Preparing for the Upcoming Quantum Computing Revolution

Quantum computing promises to radically transform IT operations and services. How will your organization manage the change?

John Edwards, Technology Journalist & Author

June 3, 2021

4 Min Read
Credit: Production Perig via Adobe Stock

With the ability to analyze and rapidly process extremely large datasets, some experts say quantum computing promises to enable transformational advances in everything, from the rapid discovery of new drugs and vaccines to financial portfolio management, as well as secure storage and the transmission of business and personal information.

Quantum computing is still in the early stages of development, but will evolve quickly over the next five to 10 years, predicts Satya Sachdeva, vice president of data and insights at Sogeti, the technology and engineering services division of business consulting firm Capgemini. "The quantum computing market is expected to grow from $320 million in 2020 to approximately $830 million by 2024," he says. "It will stay relatively small until 2025 and will see exponential growth beyond 2025."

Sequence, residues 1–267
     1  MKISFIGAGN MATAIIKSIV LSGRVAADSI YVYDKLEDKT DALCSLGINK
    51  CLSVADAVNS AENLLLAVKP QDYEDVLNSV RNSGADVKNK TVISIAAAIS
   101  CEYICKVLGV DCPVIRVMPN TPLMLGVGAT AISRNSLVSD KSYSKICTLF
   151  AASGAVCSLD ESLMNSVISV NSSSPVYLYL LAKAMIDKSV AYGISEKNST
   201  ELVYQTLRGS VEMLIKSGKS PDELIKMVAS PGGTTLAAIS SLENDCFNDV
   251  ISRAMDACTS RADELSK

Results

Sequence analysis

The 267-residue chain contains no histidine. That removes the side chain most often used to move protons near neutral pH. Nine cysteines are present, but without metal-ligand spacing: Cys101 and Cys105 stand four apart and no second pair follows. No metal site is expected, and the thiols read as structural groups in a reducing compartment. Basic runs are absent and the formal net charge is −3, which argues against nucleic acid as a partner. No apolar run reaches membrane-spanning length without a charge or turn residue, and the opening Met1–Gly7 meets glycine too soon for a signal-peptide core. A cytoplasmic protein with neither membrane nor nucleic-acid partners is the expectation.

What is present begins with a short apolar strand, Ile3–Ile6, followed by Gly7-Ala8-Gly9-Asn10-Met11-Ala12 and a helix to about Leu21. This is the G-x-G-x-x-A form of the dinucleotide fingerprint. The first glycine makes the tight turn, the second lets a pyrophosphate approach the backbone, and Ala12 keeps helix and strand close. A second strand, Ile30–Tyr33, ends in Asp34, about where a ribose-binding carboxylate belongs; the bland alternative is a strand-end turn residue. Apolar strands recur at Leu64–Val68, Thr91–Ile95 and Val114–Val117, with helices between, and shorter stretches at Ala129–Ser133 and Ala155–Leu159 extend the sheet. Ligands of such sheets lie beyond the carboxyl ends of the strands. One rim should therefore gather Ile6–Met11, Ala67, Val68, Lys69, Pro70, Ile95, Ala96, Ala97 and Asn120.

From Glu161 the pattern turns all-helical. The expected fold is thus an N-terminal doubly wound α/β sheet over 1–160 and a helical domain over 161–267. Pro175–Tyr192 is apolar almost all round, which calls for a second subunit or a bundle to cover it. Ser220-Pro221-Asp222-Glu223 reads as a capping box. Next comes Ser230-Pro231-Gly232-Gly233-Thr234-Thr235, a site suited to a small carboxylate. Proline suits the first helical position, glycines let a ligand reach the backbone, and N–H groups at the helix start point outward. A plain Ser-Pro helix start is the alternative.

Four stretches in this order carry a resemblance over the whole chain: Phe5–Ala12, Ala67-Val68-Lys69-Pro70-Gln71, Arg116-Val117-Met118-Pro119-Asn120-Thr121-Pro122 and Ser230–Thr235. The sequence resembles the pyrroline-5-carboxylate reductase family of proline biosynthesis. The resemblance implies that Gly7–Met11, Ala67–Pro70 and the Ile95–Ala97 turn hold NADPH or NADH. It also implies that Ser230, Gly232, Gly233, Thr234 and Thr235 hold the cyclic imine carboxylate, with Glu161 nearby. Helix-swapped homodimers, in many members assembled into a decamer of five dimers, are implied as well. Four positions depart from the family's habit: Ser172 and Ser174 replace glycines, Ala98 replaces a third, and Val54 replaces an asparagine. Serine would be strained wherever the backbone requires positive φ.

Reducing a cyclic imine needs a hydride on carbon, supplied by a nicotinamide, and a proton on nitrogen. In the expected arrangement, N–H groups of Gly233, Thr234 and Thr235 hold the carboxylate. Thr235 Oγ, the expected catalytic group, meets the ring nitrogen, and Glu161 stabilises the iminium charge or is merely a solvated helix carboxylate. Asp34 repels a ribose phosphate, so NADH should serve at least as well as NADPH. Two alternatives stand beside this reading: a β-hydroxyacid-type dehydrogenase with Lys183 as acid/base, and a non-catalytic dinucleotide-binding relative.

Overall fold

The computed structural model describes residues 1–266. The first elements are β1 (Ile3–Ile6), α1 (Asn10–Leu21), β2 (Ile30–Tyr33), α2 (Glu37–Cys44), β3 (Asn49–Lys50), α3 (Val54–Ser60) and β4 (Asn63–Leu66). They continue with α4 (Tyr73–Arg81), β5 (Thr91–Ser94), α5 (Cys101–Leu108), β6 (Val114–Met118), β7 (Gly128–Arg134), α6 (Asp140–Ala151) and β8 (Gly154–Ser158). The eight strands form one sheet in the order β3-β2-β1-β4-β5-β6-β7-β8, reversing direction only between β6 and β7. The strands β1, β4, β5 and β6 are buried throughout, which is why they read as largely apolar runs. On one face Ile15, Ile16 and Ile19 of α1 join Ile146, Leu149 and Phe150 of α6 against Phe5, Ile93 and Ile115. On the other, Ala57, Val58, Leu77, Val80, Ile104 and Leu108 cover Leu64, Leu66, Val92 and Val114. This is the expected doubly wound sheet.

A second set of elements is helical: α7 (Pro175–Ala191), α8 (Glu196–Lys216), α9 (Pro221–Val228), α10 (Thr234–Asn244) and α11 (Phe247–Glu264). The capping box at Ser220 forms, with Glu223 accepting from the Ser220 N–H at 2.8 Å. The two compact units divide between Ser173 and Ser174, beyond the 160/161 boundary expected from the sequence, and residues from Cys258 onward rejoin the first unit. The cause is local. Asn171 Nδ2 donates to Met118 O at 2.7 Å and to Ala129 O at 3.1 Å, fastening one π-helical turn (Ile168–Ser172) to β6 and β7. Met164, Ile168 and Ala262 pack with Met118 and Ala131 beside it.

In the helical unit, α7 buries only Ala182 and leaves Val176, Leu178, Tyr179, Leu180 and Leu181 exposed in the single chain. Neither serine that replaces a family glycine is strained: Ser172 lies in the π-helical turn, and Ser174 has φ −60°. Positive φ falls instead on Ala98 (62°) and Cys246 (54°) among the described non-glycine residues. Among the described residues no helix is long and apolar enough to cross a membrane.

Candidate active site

Recent developments have propelled quantum computing into a transitionary phase, advancing the technology from a theoretical research area into a recognized engineering discipline. "Startups, like D-Wave Systems and Rigetti Computing, have made considerable progress in the design of quantum processors and quantum software development kits," says Sripathi Jagannathan, head of data engineering for IT consulting firm UST.